Honda CR-V: Emissions Controls

The burning of gasoline in your vehicle’s engine produces several byproducts.

Some of these are carbon monoxide (CO), oxides of nitrogen (NOx), and hydrocarbons (HC).

Gasoline evaporating from the tank also produces hydrocarbons. Controlling the production of NOx, CO, and HC is important to the environment.

Under certain conditions of sunlight and climate, NOx and HC react to form photochemical ‘‘smog.’’ Carbon monoxide does not contribute to smog creation, but it is a poisonous gas.

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 The Clean Air Act

The United States Clean Air Act* sets standards for automobile emissions. It also requires that automobile manufacturers explain to owners how their emissions controls work and what to do to

 Crankcase Emissions Control System

Your vehicle has a positive crankcase ventilation system. This keeps gasses that build up in the engine’s crankcase from going into the atmosphere. The positive crankcase ventilation valve

 Evaporative Emissions Control System

As gasoline evaporates in the fuel tank, an evaporative emissions control canister filled with charcoal adsorbs the vapor. It is stored in this canister while the engine is off. After the en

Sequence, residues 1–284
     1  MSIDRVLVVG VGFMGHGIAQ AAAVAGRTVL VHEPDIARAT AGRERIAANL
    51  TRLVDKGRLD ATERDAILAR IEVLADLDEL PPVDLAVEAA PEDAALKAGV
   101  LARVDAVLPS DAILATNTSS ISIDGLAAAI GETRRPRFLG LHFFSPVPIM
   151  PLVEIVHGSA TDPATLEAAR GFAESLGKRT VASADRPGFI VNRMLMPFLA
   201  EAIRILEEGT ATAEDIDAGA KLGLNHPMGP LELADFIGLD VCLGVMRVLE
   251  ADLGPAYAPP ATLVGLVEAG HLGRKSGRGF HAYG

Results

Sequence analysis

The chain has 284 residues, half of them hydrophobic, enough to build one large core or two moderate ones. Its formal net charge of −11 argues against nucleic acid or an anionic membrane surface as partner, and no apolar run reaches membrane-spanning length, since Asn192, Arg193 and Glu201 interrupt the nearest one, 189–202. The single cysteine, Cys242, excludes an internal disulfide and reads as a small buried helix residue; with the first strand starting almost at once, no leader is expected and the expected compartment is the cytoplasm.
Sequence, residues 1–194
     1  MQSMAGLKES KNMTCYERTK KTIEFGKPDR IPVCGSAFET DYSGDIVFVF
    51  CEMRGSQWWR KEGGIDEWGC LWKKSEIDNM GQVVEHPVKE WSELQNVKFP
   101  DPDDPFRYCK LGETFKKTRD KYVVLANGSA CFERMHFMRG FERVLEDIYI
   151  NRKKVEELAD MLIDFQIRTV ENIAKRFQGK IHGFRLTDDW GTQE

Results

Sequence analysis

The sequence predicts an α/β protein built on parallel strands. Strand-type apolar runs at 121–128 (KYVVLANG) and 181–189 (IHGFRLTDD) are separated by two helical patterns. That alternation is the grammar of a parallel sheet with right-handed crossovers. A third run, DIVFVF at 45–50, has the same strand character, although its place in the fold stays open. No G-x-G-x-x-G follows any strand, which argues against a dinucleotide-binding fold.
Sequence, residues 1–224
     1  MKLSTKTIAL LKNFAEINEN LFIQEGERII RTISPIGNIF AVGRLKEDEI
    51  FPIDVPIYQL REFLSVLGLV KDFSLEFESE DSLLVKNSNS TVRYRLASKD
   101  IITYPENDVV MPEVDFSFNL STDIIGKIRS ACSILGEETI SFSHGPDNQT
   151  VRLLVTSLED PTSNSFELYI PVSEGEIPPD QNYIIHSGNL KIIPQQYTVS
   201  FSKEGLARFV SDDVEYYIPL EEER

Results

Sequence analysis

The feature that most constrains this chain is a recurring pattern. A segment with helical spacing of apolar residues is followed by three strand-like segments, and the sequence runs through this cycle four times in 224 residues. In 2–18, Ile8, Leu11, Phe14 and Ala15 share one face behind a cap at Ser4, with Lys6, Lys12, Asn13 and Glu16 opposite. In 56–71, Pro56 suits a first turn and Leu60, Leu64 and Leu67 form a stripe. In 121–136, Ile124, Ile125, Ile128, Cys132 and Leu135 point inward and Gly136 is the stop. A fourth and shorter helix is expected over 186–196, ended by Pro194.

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 Auto Door Unlocking

The auto door unlocking feature has five possible settings: The auto door unlocking is deactivated all the time. The driver’s door unlocks when you move the shift lever to the Park (P) position with the brake pedal depressed. This is the default setting. All doors and tailgate unlock

 How to Set Readiness Codes

Malfunction Indicator Lamp (MIL) Indication (In relation to Readiness Codes) The vehicle has certain "readiness codes" that are part of the on-board diagnostics for the emissions systems. If the vehicle's battery has been disconnected or gone dead, if the DTCs have been cleared, or if the PCM has b

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